January 22, 2013
Maybe The Boy Scouts of America Should Emulate The Girl Scouts of America...
Ryan Andresen has been a Boy Scout since he was six-years-old. As he rose through the ranks of this all-American extracurricular activity, he dreamed of one day attaining the ultimate designation of Eagle Scout. The highest and most prestigious award within the Boy Scouts of America that typically comes after many years of dutifully fulfilling hours and hours of community service, meetings, and the accumulation of badges that are awarded after certain tasks are completed.
Ryan resides in California with his parents where he maintains an excellent GPA that places him proudly as an honor student at his high school. He also managed to slam out an impressive SAT score to boot.
Last fall, as Ryan saw the light at the end of the tunnel of high school, he made the decision to come out to his friends and family. He was embraced by those around him and initially, it seemed as though life would move forward as planned. Ryan would complete high school, receive his Eagle Scout, and look forward to college.
Sadly, when the Boy Scouts of America learned of Ryan's announcement, he was informed that he would not be awarded the coveted privilege of becoming an Eagle Scout. As it turns out, all the required elements of the final accolade were completed. Ryan had constructed a "Tolerance Wall" as his final project. It was essentially a collage of 288 tiles, which individually represented peace and acceptance to those who suffered from bullying. An epidemic that we hear far too much about in today's society. Who would ever have thought that in the end the group that Ryan had pledged 12 years of his dedication would be the ultimate bullies in this scenario.
The only remaining technicality was the final signature of the powers-that-be at the executive level of the Boy Scouts of America. For a brief time there was hope, as his local chapter in California signed off on Ryan's submission for Eagle Scout. It was not until the paperwork reached the highest level that Ryan and his family received the disappointing news of the reversal.
As the story made its way into the local and ultimately the national media, many influential leaders voiced their support on behalf of Ryan. Articles were written and blogs were posted. Lt. Governor, Gavin Newsom, along with 30 other legislators, composed a letter which succinctly stated, "The Boy Scouts of America are simply standing on the wrong side of history. And in doing so, the Boy Scouts are hurting the very people that you aim to serve, the young men who participate in your programs."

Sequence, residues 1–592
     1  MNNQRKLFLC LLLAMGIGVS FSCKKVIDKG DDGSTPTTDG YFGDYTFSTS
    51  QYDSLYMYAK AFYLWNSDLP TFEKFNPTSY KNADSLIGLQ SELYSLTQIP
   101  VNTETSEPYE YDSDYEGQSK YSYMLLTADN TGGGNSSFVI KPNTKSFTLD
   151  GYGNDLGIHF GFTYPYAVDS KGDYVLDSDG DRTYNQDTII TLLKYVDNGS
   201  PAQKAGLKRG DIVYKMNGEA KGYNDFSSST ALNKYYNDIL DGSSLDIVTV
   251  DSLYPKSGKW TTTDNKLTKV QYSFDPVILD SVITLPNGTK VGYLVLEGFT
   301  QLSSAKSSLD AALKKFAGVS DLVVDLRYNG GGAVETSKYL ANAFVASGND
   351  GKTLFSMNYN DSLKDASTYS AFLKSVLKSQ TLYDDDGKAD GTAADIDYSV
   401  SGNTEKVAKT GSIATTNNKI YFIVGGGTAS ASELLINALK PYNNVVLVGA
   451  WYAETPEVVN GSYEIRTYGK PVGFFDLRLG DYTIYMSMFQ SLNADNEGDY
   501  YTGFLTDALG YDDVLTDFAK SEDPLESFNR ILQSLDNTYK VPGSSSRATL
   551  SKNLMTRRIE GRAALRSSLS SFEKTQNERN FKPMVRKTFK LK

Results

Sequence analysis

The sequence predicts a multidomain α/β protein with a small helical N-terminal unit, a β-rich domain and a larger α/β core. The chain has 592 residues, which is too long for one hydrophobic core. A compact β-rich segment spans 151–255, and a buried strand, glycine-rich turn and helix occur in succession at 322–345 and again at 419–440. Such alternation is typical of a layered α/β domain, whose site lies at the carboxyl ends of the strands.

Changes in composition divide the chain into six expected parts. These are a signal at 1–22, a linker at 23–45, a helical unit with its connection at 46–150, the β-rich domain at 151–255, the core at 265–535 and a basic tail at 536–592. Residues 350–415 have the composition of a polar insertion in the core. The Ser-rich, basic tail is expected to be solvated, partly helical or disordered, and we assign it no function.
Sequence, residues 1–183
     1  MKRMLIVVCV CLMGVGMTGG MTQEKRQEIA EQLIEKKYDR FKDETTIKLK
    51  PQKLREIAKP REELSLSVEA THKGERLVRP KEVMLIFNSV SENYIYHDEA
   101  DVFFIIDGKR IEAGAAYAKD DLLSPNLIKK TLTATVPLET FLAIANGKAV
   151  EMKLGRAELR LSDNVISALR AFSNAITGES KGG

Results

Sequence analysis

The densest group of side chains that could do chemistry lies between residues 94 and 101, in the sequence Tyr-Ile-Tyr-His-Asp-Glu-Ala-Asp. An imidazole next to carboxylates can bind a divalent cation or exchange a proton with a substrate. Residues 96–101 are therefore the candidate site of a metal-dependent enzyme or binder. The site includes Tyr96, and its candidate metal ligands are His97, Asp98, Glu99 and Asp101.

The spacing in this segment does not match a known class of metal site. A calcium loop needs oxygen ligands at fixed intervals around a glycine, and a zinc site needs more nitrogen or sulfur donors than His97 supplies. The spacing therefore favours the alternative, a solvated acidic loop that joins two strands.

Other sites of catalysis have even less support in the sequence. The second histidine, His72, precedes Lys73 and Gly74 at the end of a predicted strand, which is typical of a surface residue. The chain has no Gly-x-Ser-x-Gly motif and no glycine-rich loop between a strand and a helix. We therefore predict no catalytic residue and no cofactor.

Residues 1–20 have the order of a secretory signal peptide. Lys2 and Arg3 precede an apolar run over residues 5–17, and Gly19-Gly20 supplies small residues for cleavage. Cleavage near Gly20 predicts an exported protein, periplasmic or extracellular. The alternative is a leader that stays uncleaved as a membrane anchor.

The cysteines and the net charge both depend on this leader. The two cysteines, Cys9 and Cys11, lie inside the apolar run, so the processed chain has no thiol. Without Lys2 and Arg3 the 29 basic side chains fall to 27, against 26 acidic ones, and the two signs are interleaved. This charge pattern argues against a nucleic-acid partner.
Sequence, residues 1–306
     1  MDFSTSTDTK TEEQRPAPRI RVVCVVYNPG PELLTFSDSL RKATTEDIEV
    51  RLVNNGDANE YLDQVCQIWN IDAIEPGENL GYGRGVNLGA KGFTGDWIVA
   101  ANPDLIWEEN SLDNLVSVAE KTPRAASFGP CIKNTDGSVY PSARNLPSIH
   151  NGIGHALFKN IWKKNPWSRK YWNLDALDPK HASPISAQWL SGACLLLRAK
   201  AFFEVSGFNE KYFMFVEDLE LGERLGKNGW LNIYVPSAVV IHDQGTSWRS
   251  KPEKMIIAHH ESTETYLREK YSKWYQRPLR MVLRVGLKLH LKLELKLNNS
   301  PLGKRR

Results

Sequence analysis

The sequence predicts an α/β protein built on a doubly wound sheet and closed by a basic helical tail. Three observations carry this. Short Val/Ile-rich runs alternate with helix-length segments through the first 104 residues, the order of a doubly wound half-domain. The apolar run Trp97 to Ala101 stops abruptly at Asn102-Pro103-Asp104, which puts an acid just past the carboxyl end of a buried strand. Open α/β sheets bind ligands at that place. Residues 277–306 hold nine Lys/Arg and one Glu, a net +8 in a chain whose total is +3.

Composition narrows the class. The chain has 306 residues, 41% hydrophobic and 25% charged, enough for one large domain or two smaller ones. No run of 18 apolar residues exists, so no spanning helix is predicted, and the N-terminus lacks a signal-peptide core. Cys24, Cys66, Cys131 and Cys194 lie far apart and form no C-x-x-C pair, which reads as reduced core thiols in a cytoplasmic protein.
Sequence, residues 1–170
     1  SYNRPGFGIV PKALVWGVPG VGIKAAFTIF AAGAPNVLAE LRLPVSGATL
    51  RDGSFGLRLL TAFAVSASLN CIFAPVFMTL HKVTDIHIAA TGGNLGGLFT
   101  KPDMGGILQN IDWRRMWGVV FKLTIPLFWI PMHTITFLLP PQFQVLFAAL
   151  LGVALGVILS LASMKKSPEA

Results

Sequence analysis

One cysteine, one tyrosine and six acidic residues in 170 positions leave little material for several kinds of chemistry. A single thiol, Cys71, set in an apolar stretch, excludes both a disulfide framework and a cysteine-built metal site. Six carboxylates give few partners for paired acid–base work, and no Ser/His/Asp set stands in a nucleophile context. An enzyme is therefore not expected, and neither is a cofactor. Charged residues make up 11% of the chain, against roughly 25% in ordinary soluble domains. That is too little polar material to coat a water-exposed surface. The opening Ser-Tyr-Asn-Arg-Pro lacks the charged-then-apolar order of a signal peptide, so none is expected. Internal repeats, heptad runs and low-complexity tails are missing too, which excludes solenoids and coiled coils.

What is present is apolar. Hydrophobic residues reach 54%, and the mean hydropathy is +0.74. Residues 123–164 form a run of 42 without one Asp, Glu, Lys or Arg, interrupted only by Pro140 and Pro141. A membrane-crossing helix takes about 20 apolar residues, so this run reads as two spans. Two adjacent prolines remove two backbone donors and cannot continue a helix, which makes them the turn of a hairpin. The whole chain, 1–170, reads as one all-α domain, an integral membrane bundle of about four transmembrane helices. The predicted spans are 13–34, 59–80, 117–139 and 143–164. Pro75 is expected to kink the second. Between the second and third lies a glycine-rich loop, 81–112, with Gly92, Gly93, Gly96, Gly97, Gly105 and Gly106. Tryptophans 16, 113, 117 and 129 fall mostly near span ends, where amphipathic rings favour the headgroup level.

Ryan's mother, Karen Andresen, established a website in hopes of gleaning support from others to hopefully influence the leaders of the Boy Scouts to retract their decision and award Ryan the honor that he so richly deserved after so many years of hard work and dedication. To date almost 500,000 people have pledged their support for Ryan, and asked for the Boy Scouts of America to reconsider Ryan's award of Eagle Scout. Sadly, the decision remains firm.
This story caused me to look at the practices of the Girl Scouts of America. Both programs seem to be thought of as similar, but they are anything but the same. In fact, the founder, Juliette Gordon Low made certain that all girls would be allowed to participate regardless of their individuality. According to the official stand of the Girl Scouts of America, they "do not discriminate on any basis."
And this has been subsequently clarified to include the issue of one's personal sexual preference. The Girl Scout Law reads, "I will do my best to be honest and fair, friendly and helpful, considerate and caring, courageous and strong, and responsible for what I say and do, and to respect myself and others, respect authority, and resources wisely, make the world a better place, and be a sister to every Girl Scout."
Ultimately, the decision to decline Ryan Andresen as Eagle Scout was done so because the Boy Scouts of America said that he did not meet the standards of "Duty to God." I would argue that Ryan has done just that. A young man who has embodied the example of dutifully meeting the standards of citizenship, hard work, and exhibiting an excellent example to others in his community.
My hope for Ryan is that even though he exits the Boy Scouts of America without the final designation, he will one day understand that awards do not define a person in life. In some ways he has been given an opportunity to speak for those who do not have a voice, and I sincerely hope he takes this experience and uses it as a catalyst for change. I have no doubt that we will continue to hear about Ryan Andresen and I, for one, will look back and be proud of his service and dedication to the Boy Scouts of America.